In which our intrepid hero dreams and laughs.

The night before last, a friend and I jumped on the bus. I wasn’t looking forward to work. It was only moments later, as the bus turned on to Broadway, that I realised the bus wasn’t going anywhere near Parramatta.

I was not happy. I sat in silence for a few blocks, as the girl next to me shifted uncomfortably in her seat. I glanced at her, smiled. Dark hair. Freckles. Kind eyes.

She returned the smile, timidly, tears almost in those kind eyes. As Sydney University approached, I rose, planning to walk to Redfern station to catch a train into work. She gently thrust a card in front of me: deep brown, silver letters, Cronulla.

Last night, I felt her warmth beside me, her arm draped across me. She stirred, and her lips brushed my ear. "Wake up, my love," she whispered.

I didn’t want to leave her, rise from the warmth, but because she asked it, I did. And then she was gone.

Dreaming. Again.

And within seconds of waking, my alarm clock flickered over to 5:45 and the radio came on. I lay there for a moment, trying to clear my head. By the time I actually convinced myself to get my sorry butt out of bed, the 6am news began, headlined by a story about a new board game.

I’m not a huge board gamer, but hell, games interest me. From The Australian’s coverage of the affair:

A Monopoly-style board game has been designed to celebrate the race riots of last December in the Sydney suburb of Cronulla.

Called Cronulla 2230—Win Back Australia, the game has been criticised by NSW Premier Morris Iemma for promoting racial intolerance. […]

[From the game’s website:] "The object of the game is to become the wealthiest person in the Sutherland Shire through the buying, renting, and selling of property.

"The gaining of such wealth will enable you to fund patriotic organisations like Australia First and the Patriotic Youth League, so they can get into parliament and Win Back Australia."

Firstly, I’d like to point out that Monopoly is about as exciting as, well, watching your toenails grow. Probably less so—I never spent a day playing Monopoly whilst bombed out of my skull at uni.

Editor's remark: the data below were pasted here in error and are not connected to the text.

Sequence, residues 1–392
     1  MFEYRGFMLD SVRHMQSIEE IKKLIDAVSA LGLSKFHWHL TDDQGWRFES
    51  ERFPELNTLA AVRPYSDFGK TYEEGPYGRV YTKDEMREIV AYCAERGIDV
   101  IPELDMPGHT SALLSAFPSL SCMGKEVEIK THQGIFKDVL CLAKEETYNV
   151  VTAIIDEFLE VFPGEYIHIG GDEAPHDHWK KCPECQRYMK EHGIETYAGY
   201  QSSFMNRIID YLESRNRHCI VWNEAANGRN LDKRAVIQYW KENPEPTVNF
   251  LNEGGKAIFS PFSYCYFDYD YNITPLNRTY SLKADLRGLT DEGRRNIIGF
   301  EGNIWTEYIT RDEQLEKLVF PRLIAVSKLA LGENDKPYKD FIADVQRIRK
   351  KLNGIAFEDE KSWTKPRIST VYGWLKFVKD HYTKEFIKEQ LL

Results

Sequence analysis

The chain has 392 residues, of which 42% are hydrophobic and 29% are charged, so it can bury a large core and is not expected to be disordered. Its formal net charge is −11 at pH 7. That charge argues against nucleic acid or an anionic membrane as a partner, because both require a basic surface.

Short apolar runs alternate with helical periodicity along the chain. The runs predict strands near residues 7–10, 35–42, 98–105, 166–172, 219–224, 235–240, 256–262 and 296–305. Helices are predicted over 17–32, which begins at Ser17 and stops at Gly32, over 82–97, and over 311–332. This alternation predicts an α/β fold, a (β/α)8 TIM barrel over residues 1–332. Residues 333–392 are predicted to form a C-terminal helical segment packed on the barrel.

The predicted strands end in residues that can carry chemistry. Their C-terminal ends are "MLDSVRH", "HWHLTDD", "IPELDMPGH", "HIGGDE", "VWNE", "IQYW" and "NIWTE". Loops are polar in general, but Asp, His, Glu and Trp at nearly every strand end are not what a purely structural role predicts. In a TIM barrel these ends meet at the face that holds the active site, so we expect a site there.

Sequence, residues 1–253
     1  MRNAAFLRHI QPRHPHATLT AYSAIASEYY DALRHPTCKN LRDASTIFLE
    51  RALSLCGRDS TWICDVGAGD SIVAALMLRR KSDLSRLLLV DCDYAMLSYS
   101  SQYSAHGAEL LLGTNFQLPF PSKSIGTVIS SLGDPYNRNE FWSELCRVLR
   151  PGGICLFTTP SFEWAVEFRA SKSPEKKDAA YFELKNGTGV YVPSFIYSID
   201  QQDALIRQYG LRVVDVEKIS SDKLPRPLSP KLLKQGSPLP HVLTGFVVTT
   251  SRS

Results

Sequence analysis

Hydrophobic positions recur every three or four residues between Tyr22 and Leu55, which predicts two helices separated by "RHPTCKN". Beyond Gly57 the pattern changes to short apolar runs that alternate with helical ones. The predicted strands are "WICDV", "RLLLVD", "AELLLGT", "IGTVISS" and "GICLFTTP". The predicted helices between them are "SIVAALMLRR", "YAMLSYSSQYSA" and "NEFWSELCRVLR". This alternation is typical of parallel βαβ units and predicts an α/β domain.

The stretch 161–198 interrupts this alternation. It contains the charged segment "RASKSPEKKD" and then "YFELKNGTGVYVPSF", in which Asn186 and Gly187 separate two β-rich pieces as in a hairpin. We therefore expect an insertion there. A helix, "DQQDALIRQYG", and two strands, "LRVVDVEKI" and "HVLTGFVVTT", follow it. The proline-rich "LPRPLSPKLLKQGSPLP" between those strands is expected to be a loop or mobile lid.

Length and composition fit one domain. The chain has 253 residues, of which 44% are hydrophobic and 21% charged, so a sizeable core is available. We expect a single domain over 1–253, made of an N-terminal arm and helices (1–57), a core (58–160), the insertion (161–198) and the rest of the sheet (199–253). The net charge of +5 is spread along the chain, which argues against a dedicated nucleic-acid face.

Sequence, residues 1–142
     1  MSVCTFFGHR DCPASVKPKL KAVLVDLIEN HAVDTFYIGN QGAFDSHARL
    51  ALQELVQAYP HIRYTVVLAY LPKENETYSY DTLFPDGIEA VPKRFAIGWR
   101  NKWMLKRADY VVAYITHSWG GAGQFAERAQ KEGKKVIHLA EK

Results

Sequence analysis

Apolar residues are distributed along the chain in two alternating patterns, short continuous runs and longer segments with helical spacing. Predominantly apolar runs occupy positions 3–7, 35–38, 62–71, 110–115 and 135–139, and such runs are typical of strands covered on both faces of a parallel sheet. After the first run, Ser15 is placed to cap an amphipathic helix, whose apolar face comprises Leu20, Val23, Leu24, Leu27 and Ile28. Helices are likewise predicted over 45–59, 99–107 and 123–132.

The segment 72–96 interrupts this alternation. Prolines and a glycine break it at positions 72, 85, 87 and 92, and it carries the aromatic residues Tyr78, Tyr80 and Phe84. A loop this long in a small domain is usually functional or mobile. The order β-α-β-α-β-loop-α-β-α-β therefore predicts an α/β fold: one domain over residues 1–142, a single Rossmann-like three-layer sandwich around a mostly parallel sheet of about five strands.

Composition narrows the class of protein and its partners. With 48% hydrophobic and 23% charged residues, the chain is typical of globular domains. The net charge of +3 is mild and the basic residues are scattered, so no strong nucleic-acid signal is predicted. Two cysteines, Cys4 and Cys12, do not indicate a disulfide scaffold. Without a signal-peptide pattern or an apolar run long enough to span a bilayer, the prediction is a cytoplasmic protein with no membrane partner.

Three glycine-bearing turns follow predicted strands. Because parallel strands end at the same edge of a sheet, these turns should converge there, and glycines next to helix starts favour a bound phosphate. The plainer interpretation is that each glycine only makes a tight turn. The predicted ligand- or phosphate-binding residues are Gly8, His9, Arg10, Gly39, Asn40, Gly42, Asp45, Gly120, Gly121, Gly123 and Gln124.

Secondly, if you’re going to earn scads of cash speculating on the Sutherland Shire property market, what do you do with your ill-earned gains? Let me rephrase that: if you can’t think of anything else to do with your cash, what do you spend it on?

That’s right. You give half a crapload to Labor, and half a crapload to Liberal, and when your DA comes up for approval by Council, you might get the opportunity to make a crapload more money through, ahem, urban renewal.

Why the hell would you waste your money trying to put some pissant, single-issue minor party candidate into Parliament, be it state or federal?

Thirdly, they’re giving it away on a website. When was the last time an eight-year-old got excited by anything they could download free on the Internet? It ain’t Half-Life, it ain’t an MP3, and it sure as hell ain’t porn. Get a grip, Morrie.

UPDATE: My random wanderings through the web brought me across a review for Avalon Hill’s Class Struggle board game. Note the deleterious effects that this game had on capitalism in the 1970s and 80s… NOT!

In slightly stranger news, I noticed today that have a daily astrology reading for cats. Wondering how Maxi (my eldest) would do today, I looked up Cancer:

Today is the day to strut your stuff. Keep that tail high. Give in to those outrageous impulses. Jump on the table and sniff the flowers or try a flying leap off the staircase. Be extravagant in all that you do—more is better.

I’ll leave aside speculation as to how Maxi would actually read his horoscope (let’s face it, he’s less computer-literate than my grandmother), whether it’s wise to let him follow his impulses (most of which involve maiming humans), or even how he’d express those impulses (being 12 years old and on arthritis medication). Further down the page, however, I found a link that intrigued me.

That’s right, beneath the "All About Cancer" banner (which sounds like a particularly morbid article from, there’s a link to Anita the Phone Psychic:

Anita: Hello, I’m Anita the Phone Psychic. Will you be paying by Amex, Mastercard or Visa?

Maxi (clearly, not very impressed): Meow.

Incidentally, in the interests of accuracy, I clicked on the link, in case she had a 1-900 number and wouldn’t need my cat’s credit card details in the first place. It turns out, however, that it would be more accurate to call her Anita the Online Magic 8-Ball.

Crap. Another witty observation ruined by false advertising…